David Oyelowo (Martin Luther King), Tom Wilkinson
(Lyndon B. Johnson), Carmen Ejogo (Coretta Scott King), Tim Roth (Gov. George Wallace), Giovanni Ribisi (Lee C. White), Oprah Winfrey (Annie Lee Cooper)
First off, I'm going to state that David Oyelowo is excellent
in this with his portrayal of Martin Luther King, Jr., and probably should received an Oscar nomination for Best Actor.
There's no "I have a dream" speech and this is not a biopic,
rather it's a dramatic recreation of the 1965 march from Selma, Alabama to the state capital of Montgomery in favour of the right for voting equality in America, met with violent opposition by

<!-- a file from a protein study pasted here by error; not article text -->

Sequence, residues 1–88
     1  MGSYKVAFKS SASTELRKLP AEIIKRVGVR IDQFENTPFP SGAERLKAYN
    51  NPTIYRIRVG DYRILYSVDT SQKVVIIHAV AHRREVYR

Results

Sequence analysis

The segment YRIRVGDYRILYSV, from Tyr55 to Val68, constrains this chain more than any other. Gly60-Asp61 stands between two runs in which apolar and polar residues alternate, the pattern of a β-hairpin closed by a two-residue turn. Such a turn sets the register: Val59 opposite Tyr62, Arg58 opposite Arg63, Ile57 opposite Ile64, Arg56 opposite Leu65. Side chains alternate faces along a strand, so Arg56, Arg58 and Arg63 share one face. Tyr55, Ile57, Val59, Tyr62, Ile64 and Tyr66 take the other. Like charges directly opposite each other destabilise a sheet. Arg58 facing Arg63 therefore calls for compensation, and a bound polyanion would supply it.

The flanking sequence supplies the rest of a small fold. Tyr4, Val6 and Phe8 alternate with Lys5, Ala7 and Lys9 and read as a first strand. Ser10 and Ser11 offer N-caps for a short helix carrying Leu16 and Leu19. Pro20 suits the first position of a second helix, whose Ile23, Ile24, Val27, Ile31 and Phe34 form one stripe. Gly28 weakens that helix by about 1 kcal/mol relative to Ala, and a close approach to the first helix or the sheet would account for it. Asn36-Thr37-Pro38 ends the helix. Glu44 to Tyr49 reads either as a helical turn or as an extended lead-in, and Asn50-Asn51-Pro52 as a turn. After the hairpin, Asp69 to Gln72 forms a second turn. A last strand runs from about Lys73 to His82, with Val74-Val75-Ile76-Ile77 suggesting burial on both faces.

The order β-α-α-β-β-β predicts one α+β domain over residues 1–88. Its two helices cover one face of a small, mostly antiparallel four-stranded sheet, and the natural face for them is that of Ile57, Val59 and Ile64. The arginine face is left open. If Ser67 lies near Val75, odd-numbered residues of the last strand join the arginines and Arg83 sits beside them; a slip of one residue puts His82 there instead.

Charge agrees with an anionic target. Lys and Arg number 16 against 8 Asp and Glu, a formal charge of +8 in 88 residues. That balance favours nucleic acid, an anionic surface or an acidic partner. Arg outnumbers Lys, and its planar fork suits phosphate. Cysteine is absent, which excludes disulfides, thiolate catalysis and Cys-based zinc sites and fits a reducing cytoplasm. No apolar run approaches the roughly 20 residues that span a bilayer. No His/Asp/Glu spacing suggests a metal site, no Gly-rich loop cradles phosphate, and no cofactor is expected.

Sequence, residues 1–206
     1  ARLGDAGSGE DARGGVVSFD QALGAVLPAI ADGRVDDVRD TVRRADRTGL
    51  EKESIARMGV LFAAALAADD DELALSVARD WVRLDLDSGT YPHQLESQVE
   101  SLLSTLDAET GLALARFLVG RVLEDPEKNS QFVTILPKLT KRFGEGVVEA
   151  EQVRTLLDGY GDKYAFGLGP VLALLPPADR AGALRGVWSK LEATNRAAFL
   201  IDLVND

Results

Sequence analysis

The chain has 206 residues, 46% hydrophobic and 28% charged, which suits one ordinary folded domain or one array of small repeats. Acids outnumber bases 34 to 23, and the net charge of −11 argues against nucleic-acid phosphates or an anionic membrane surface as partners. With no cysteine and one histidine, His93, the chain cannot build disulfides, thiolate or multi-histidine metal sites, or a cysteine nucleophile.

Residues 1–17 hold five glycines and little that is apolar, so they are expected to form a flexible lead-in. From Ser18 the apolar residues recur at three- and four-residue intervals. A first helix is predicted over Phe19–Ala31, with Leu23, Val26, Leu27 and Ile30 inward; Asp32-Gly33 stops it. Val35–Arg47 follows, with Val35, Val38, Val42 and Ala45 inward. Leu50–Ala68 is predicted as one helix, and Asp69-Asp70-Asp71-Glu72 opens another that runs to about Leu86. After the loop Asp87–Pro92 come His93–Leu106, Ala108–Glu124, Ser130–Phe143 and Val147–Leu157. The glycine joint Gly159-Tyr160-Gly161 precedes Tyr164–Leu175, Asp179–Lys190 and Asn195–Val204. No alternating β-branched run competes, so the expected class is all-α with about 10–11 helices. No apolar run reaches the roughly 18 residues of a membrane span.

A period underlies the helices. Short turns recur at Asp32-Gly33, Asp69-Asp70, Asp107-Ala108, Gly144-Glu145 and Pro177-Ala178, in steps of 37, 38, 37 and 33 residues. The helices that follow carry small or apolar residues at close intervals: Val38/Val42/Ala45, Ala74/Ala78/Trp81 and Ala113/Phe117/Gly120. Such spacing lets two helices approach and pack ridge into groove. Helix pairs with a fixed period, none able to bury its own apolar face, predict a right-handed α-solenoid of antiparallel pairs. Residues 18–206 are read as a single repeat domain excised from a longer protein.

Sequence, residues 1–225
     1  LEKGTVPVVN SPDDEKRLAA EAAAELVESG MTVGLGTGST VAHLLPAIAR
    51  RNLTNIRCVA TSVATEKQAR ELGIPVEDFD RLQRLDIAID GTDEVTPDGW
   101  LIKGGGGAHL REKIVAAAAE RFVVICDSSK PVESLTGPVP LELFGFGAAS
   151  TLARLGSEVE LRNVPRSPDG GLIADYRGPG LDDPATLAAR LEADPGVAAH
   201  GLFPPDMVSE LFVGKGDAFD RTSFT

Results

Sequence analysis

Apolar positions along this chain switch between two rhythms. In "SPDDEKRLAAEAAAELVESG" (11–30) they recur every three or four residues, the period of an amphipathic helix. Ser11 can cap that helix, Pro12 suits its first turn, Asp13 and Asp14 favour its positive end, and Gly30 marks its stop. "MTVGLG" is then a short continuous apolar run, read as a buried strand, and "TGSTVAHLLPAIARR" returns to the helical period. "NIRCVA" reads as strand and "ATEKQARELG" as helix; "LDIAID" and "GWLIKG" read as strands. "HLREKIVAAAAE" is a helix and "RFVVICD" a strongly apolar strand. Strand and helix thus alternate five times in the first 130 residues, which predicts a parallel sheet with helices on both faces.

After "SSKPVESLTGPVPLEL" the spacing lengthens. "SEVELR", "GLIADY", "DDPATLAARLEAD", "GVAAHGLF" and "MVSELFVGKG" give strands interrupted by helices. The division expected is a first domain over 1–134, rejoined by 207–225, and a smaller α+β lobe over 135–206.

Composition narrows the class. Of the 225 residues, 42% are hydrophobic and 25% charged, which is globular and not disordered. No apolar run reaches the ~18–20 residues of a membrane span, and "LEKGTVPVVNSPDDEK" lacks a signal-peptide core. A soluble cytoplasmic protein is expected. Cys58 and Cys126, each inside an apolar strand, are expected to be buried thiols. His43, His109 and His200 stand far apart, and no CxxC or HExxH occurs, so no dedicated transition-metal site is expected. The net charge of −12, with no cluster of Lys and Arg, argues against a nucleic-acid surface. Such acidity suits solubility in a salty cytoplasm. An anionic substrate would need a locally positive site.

Klansmen in the racially-oppressed state.
This ensemble piece also sees fine performances from Tom
Wilkinson as then-president Lyndon B. Johnson, juggling the contentious tasks of keeping the peace and the civil rights issues, as well as Carmen Ejogo, who does a very good job with the
underwritten role as King's wife.
For those who know the story of American segregation, this
story won't tell you anything you don't already know, and is presented as a schoolbook history rather than an in-depth study of the actual events.
Released very soon after 12 Years A Slave, the drama dipped
under the radar somewhat, but was still recognised as one of the best films of the year by the Academy Awards, who shortlisted it as a Best Picture nominee.